The second most important part of how to negotiate on Craigslist is to get the other party on the phone as quickly as possible. This is for two main reasons: one, phone calls imply that you're serious about the deal and will significantly reduce the likelihood of the other person choosing someone else. Second, haggling works best when both parties respect each other as people.

This is due to the fact that, unfortunately, email makes it very easy to be perceived as just text on a screen, reducing your ability to connect and close deals. Over the phone, you stand out. You can project a warm demeanor and explain why you want to buy or sell the product, which helps drive prices where you want them to go.

Additionally, you’ll find that most people are simply nicer when spoken to. They’re usually a little anxious talking to a stranger for the first time — and if they like you because of a warm demeanor and generally friendly personality, they’re usually willing to compromise more on price to make a good first impression.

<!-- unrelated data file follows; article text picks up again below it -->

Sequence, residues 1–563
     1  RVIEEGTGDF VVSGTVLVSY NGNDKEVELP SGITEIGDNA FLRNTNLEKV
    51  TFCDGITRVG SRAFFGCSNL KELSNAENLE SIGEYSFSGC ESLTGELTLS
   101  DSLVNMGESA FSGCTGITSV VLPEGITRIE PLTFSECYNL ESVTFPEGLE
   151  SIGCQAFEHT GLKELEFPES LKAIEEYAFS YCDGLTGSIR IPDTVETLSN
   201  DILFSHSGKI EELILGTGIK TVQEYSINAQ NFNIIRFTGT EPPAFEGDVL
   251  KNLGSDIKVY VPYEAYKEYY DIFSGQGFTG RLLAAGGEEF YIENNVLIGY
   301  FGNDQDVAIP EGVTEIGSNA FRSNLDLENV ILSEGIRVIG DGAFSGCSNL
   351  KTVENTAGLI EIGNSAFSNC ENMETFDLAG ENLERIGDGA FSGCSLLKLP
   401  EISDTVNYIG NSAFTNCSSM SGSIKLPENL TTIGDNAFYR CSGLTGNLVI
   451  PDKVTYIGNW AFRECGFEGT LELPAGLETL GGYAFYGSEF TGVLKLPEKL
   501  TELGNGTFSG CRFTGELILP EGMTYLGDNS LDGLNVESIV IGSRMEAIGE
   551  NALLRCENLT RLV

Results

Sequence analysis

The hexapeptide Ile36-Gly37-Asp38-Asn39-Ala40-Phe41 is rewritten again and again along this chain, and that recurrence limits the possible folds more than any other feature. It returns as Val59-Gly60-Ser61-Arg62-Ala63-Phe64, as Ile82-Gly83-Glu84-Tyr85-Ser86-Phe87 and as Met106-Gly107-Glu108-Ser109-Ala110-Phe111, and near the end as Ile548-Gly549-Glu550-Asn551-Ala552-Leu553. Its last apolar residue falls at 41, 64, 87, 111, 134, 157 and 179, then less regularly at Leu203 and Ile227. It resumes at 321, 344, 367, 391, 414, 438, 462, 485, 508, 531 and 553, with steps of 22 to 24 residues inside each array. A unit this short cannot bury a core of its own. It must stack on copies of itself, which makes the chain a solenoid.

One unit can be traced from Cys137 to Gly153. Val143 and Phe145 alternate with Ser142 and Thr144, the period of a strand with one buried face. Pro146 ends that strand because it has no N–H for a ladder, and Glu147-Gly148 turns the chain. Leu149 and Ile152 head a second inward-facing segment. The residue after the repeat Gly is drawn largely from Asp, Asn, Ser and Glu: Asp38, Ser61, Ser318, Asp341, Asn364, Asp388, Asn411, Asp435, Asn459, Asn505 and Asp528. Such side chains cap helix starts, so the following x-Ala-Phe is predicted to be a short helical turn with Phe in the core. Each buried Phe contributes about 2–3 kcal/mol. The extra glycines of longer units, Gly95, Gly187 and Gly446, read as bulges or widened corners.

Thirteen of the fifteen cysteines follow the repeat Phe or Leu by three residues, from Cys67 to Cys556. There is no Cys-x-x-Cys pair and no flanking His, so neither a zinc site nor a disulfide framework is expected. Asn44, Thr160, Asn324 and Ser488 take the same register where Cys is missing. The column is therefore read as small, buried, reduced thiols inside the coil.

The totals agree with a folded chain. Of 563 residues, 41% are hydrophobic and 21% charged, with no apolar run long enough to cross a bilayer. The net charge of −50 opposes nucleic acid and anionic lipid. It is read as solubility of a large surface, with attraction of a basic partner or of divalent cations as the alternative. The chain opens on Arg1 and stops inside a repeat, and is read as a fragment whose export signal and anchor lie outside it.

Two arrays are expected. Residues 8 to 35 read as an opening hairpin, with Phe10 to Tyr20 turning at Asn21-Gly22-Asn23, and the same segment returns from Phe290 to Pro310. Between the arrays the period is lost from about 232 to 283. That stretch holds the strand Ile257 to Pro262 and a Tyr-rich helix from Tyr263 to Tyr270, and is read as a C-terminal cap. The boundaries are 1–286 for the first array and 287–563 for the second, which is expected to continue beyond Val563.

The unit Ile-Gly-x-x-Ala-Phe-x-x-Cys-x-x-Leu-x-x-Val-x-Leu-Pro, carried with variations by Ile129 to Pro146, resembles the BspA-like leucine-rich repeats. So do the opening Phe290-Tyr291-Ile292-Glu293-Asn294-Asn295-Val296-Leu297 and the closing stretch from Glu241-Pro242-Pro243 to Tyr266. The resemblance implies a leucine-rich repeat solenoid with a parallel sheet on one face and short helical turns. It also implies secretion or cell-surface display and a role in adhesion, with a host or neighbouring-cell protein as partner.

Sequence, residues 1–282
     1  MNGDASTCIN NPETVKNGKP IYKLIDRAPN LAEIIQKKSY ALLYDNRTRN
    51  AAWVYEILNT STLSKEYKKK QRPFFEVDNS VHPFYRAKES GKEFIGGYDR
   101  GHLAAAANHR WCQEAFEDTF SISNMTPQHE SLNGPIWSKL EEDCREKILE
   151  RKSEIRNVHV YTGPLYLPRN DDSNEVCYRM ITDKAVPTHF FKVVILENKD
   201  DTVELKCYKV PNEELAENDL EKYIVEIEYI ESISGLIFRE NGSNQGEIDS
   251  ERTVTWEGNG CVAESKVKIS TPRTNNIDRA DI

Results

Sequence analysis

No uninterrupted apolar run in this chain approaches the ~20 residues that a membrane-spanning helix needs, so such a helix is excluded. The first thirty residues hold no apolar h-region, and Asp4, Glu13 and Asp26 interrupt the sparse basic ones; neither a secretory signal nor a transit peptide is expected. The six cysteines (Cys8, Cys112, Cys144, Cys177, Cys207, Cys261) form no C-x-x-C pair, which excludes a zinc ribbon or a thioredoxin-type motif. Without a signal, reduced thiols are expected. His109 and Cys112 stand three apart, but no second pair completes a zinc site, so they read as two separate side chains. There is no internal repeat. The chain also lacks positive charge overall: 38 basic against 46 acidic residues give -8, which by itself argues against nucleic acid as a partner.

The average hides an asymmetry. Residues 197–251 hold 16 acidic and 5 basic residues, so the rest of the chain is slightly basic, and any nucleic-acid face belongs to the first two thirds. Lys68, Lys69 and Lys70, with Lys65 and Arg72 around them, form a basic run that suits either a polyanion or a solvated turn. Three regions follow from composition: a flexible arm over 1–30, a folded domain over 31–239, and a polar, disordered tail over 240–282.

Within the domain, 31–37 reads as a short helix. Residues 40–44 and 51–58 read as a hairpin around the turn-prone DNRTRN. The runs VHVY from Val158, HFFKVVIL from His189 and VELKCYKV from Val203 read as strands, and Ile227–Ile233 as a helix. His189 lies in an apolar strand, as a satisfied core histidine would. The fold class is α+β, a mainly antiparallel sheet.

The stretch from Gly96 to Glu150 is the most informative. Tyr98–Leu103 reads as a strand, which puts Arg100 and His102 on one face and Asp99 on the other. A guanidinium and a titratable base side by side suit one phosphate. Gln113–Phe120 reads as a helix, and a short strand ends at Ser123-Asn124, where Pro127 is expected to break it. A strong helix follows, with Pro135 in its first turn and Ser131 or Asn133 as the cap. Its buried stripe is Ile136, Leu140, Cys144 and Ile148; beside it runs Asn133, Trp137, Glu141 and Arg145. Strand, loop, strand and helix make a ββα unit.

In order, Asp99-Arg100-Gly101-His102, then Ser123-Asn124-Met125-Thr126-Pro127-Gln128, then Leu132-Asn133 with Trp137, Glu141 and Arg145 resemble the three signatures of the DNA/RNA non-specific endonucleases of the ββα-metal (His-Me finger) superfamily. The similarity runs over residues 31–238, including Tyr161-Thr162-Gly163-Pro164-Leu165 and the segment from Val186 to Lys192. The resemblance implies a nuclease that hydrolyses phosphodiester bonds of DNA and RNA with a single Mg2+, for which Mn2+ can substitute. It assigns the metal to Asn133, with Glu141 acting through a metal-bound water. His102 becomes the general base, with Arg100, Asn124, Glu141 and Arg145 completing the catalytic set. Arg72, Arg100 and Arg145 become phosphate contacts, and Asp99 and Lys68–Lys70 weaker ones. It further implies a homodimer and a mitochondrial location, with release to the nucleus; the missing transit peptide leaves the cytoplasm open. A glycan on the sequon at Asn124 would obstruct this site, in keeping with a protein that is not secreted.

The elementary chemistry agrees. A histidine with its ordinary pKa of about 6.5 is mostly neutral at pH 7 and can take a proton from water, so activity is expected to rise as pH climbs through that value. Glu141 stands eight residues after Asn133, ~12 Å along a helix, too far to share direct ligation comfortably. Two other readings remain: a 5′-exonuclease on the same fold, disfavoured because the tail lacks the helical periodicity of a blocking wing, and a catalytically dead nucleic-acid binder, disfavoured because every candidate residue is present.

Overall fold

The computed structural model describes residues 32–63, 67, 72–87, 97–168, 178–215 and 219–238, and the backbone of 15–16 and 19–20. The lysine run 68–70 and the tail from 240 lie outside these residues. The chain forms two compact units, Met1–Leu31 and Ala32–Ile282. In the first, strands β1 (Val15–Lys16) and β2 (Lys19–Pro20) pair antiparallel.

I start every phone call with a loud, warm voice. I ask them how they’re doing, and whether they’re enjoying haggling on Craigslist so far. It’s kind of cheeky, but it works — a few simple seconds of being a genuine human being can move prices by over 10%, and it's practically effortless.

At this point you've got them on the phone. You've demonstrated that you're a warm and reasonable person, and in all likelihood, if you were to stop here, you'd probably get a decent deal. But we don't want to just run with it, do we? We want to get the best deal possible, and blow away the competition.